​Uptick in Scottish business confidence after challenging end to 2019, according to influential post-election survey

 

Uptick in Scottish business confidence after challenging end to 2019, according to influential post-election survey

  • Outlook for business activity, investment and employment are at their highest level since 2014
  • Modest improvement in optimism comes on the back of challenging end to 2019 with business activity weak across the board

The general election has provided some clarity for Scottish businesses amid continued growth, albeit weak, according to one of the first major post-election surveys of Scotland’s business community.

The latest Scottish Business Monitor (published February 6 2020), produced in a partnership between the Fraser of Allander Institute and international law firm, Addleshaw Goddard, found an uptick in business confidence amongst Scottish businesses as they look forward to 2020.

This comes on the back of activity over the last three months of 2019 (October to December) remaining positive but fragile, with the Scottish economy growing 0.3% over the quarter and 0.7% over the year.

Expectations of growth in the Scottish economy over the next year have also improved, with:

  • More firms believing the outlook for growth is ‘moderate’, and less believing it to be ‘weak’.
  • Businesses remaining cautious about how Brexit negotiations could impact on them, with knock-on implications for investment, staffing and growth.
  • New business activity remains weaker than a year ago, but expectations of future new business looking optimistic across all sizes of enterprise.

The detailed results from the Scottish Business Monitor, drawn from around 500 businesses’ survey responses between mid-December and January indicate:

  • The FAI Business Activity Index, a measure of Scottish business activity, remains unchanged since the last quarter (5%), just below the three-year average (8%).
  • The net balance of +5 indicates that, on average, Scottish businesses experienced continued growth in the latest quarter.
  • The majority of businesses, particularly large businesses, expect turnover in the coming months to be higher than lower.
  • Capital investment fell back in the latest quarter, with a net balance of 9% of firms reporting a decrease.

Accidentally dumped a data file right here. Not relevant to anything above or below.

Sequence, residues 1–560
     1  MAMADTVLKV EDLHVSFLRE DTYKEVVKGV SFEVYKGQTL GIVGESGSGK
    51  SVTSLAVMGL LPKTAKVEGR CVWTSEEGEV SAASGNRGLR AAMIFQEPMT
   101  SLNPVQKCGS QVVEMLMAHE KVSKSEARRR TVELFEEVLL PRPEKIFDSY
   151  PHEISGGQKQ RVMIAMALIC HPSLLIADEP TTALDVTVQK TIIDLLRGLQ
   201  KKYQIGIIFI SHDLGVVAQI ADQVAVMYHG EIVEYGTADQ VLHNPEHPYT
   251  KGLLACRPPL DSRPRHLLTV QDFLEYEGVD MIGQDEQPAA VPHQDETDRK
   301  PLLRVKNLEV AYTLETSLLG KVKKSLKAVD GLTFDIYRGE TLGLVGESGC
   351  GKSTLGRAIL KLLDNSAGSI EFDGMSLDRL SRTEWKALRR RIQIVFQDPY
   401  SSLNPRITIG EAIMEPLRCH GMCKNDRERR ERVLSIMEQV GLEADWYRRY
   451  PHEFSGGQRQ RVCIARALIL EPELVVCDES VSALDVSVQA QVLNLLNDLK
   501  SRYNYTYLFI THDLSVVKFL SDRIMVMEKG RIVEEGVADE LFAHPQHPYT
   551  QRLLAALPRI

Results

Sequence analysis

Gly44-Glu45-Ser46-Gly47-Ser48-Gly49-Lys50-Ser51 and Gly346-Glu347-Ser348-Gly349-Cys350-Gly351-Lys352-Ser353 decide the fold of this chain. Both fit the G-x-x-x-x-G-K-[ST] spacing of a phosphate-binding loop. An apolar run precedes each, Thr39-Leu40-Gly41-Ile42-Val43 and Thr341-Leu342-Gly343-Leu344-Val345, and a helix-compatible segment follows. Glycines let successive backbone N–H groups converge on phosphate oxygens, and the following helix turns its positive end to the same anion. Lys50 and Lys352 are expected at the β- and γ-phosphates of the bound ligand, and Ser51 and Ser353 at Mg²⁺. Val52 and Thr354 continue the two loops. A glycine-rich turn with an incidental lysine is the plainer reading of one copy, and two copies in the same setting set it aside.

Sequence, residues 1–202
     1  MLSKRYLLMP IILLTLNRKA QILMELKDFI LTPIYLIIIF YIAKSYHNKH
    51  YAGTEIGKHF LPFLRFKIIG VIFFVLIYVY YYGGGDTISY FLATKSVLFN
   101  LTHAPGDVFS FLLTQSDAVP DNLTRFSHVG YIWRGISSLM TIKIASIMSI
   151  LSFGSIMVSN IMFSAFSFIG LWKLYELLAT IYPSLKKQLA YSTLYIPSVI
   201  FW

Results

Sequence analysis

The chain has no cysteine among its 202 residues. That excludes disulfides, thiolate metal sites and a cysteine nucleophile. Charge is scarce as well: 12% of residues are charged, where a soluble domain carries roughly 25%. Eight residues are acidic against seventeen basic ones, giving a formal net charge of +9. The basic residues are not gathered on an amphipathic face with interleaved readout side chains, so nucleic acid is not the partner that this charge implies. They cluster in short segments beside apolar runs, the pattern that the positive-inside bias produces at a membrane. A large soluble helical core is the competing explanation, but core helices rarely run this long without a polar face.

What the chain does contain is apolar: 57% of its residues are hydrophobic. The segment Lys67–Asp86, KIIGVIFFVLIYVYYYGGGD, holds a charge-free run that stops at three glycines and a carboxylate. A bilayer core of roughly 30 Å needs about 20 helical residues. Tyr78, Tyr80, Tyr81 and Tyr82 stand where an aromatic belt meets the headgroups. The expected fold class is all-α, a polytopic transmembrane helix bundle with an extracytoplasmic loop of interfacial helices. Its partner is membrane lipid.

• The majority of businesses (76%) expect costs to increase over the next six months.
  • Exports have fallen deeper into negative territory (-11%) and expectations of future export activity remain poor.

This compares to UK GDP growth over the same periods of 0.4% and 1.1% respectively.

Commenting on the findings, Graeme Roy, Director of the Fraser of Allander Institute, said, “Whilst there is little evidence of a significant ‘Boris Bounce’ in Scotland, the results of this post-election Scottish Business Monitor show some signs of a turnaround in sentiment within Scotland’s business community.

“The survey results show a shift away from firms reporting that they see the outlook as ‘weak’ to one where they are now ‘moderately optimistic’ about what the next six to 12 months will bring. So perhaps no cause for major celebration – particularly with many businesses reporting ongoing concerns about how the Brexit negotiations may evolve over 2020 – but a welcome finding after a challenging 2019.”

Malcolm McPherson, Senior Partner at Addleshaw Goddard in Scotland, said, “This survey provides one of the first robust indicators of post-election economic conditions and is therefore a timely measure of business sentiment.

“The figures show that, while last month’s general election has provided a degree of clarity for business, firms remain uncertain of the future as EU trade negotiations loom.

“Nevertheless, this picture of relative fragility must be set in context with the figures indicating that Scottish businesses on average experienced continued growth in Q4.

“While expectations of future business activity and turnover appear more optimistic across all businesses, there seems to be less confidence in the level of future capital investment and export activity.

“Furthermore, a majority of businesses expect increasing cost pressures in the coming months and have poor expectations of future export activity, which puts future growth in question.”

Published: 6 February 2020



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